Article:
The Memorial Day protest staged on Monday elicited mixed responses, in part because of the actions of some of the protesters, which included blasting music, setting up lawn chairs and finishing homework assignments.
“I felt that the nature of the protest wasn’t constructive. People were out there sitting with their phones… There were lawn chairs…people were wearing the flag and blasting music, and it was just giving them a bad image,” said Adrienne Allen ’16.
In this week’s Letter to the Editor, the protest organizers admitted that the protest was “disorganized.” They also acknowledged that some protesters had only shown up to skip classes.
Andrew Reavis ’17, a protest leader, said that there was a mixed response from the students, faculty and the administration.
“Some of my teachers were really pleased that we were doing it and were happy. Others were hesitant to answer for or against, and they were more inquisitive about it, and that was okay. I can understand why they might have questions about it,” said Reavis.
Reverend Anne Gardner, Director of Spiritual and Religious Life, said that during her time at Andover, Memorial Day has been observed in a number of ways, including lowering flags to half-mast and working in conjunction with staff at Paresky Commons to make red, white and blue cupcakes while passing out nametags of Andover alumni who have died in combat.
In years past, Gardner utilized a collection of flags to visually mark the 244 deceased Andover alumni. This year, she additionally chose to erect images of combat boots near the memorial to make the human quality of the losses more tangible.
“I think it is important to note that all of the efforts are meant to impart a sense of gratitude and an opportunity for reflection for the entire Andover community… In addition, while Memorial Day is an American holiday, the theme is not exclusively so. Many other countries have this same sort of observance. Service, and specifically the sacrifice of one’s life in the service of one’s country, is a human endeavor,” wrote Gardner in an email to The Phillipian. Dale Hurley, Instructor in Mathematics and former Navy serviceman, said in an email to The Phillipian that he was impressed by the students who wanted to pay more respect on Memorial Day.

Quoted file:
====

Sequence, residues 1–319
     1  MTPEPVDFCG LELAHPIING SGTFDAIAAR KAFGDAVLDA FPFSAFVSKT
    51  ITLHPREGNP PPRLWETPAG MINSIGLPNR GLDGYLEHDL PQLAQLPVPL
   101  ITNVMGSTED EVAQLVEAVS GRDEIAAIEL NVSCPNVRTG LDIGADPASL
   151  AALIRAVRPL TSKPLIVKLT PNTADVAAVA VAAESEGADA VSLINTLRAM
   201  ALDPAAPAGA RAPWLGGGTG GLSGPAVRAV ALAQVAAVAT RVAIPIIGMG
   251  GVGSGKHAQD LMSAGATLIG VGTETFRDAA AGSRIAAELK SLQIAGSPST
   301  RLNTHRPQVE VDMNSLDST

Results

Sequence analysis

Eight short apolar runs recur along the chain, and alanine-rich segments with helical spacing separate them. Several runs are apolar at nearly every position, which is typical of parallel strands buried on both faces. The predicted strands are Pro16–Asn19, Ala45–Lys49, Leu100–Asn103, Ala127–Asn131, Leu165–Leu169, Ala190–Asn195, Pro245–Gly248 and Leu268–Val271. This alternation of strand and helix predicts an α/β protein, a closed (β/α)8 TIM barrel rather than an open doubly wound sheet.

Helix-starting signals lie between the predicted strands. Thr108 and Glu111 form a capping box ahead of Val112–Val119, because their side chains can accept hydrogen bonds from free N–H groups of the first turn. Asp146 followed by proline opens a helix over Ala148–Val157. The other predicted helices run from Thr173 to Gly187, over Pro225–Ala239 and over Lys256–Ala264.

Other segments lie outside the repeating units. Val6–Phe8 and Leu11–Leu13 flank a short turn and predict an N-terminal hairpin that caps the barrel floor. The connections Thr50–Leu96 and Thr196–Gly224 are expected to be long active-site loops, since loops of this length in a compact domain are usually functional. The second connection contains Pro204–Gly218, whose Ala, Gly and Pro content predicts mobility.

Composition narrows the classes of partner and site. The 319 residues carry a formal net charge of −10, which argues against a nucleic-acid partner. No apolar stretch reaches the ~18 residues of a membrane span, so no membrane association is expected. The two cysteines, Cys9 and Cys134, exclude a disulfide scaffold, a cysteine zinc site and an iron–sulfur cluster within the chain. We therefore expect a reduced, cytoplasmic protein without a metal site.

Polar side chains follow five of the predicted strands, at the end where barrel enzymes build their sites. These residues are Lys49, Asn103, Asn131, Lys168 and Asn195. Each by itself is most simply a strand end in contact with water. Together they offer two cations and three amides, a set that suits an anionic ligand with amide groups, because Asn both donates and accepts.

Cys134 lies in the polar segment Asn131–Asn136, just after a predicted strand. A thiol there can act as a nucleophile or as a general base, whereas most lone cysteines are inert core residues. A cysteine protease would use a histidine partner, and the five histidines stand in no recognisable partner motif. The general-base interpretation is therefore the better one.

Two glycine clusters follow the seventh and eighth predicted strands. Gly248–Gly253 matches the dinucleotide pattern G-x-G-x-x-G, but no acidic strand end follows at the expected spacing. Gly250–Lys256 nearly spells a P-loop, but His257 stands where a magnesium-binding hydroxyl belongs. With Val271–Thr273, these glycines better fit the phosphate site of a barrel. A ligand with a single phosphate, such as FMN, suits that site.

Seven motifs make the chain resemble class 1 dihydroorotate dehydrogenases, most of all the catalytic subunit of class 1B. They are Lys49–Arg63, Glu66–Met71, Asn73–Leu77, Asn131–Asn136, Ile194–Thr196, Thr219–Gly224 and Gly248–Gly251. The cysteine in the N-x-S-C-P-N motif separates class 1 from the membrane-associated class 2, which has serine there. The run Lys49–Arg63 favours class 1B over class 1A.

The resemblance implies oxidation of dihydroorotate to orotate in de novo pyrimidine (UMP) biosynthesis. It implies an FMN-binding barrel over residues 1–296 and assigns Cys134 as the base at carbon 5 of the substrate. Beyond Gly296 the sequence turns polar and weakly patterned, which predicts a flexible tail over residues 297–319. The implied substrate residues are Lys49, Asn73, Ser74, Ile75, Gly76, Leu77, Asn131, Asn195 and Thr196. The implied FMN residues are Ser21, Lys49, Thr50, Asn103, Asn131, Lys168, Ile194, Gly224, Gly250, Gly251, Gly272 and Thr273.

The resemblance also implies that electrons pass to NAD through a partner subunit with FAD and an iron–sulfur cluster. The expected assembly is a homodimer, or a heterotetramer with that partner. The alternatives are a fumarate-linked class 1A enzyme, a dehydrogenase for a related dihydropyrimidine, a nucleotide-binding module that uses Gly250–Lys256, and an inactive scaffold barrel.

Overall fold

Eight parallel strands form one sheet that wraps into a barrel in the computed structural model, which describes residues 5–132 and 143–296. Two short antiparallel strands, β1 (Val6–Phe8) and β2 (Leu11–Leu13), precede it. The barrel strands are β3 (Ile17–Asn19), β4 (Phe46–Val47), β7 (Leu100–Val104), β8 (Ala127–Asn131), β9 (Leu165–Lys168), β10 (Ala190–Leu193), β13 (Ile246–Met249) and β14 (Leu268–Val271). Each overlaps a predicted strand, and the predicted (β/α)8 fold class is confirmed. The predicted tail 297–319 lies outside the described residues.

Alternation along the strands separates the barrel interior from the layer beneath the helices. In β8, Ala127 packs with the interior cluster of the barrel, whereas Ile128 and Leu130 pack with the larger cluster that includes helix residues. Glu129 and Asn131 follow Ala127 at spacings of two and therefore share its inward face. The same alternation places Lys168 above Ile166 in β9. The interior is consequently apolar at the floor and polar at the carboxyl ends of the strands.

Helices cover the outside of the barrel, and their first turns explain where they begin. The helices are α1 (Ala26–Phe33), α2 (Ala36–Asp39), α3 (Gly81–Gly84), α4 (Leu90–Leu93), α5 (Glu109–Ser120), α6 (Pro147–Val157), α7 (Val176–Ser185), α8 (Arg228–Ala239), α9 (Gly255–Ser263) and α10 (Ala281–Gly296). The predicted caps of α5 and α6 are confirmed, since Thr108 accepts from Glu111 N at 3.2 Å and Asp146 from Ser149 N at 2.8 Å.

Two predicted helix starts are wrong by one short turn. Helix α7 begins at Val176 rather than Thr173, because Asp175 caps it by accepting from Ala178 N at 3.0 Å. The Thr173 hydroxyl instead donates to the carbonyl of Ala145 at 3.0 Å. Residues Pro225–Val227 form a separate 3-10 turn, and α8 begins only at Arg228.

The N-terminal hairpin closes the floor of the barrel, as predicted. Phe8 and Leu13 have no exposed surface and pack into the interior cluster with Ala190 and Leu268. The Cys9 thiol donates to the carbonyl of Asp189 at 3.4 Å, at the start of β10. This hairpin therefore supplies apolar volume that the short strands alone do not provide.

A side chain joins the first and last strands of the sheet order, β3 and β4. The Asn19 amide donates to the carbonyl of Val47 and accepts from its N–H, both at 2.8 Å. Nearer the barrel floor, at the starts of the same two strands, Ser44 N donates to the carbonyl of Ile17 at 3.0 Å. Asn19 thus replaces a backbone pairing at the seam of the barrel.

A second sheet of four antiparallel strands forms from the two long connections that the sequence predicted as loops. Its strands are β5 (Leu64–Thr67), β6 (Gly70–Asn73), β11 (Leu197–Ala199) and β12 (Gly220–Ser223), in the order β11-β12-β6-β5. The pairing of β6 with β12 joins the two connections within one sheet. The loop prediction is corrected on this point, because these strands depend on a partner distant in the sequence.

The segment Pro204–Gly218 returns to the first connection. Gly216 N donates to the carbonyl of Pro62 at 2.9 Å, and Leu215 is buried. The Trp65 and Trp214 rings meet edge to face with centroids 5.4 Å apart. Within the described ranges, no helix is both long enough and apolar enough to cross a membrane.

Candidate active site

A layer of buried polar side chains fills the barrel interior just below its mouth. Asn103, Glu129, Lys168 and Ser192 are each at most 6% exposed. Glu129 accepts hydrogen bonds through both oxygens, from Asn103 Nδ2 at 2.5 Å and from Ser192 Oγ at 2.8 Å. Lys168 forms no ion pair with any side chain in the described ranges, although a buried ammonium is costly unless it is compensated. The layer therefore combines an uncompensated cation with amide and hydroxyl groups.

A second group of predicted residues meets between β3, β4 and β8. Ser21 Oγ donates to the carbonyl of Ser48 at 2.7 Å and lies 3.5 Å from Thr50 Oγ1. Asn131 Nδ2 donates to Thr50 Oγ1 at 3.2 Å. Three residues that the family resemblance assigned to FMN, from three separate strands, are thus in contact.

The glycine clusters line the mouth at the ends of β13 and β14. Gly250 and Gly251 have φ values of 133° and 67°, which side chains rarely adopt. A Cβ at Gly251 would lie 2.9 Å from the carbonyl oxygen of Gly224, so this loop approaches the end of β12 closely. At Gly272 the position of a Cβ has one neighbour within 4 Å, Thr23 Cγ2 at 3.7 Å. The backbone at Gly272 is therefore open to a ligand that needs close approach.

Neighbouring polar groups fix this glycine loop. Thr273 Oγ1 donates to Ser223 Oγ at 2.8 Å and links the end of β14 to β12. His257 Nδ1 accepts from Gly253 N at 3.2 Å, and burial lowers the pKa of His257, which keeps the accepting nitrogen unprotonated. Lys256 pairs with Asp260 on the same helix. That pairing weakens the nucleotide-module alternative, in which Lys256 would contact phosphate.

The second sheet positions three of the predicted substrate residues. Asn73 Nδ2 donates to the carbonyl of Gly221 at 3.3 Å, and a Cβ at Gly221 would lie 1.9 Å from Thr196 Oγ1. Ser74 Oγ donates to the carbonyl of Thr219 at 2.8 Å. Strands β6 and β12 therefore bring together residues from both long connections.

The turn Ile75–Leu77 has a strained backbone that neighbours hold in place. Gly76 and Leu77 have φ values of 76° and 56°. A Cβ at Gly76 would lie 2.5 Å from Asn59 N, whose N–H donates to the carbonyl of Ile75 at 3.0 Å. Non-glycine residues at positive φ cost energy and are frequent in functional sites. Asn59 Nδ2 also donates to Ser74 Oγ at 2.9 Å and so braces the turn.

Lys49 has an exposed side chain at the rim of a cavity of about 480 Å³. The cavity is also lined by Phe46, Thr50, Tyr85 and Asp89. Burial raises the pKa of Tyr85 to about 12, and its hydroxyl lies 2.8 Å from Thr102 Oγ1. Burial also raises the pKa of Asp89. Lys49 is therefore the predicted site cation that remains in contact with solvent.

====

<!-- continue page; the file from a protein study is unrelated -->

Auguste White ’17 said, “I think that we underestimate the amount of students who have been touched by deaths and service… Andover is always at its best when it is representing every single voice.”
Kieto Mahaniah ’16, who partook in the sit-in, said that he was glad different parts of the community let their voices be heard on the topic.
“There were people that didn’t take part but agreed with them and supported them, there were people that didn’t take part and criticized them, and there were teachers who brought food or excused them [students] classes, but there are also teachers who gave cuts and didn’t like it,” he said.
“Some people didn’t go about the protest in the most respectful way and gave it a little bit of a bad [reputation], but overall, it’s a very good cause,” said Megan Gatton ’17.
Akhil Rajan ’17 said that he believes the protest was used by students as a means to cut class, rather than a meaningful demonstration.
“I don’t think an establishment should be in charge of how you pay your respects,” said Jim Soraghan, night custodian, “It’s up to the individual.”
Hilary Gillis ’15 feels that the protests could have been more well organized, and that because of this, the protest was not as meaningful as it could have been.
“I feel like it’s important that students stand up for what they believe in, but I also think a lot of kids there just didn’t really want to go to class, which isn’t fair to people who actually care about it,” said Gillis
Candy Chan, Annie Dawon Lee, and Alice Ballard-Rossiter contributed reporting.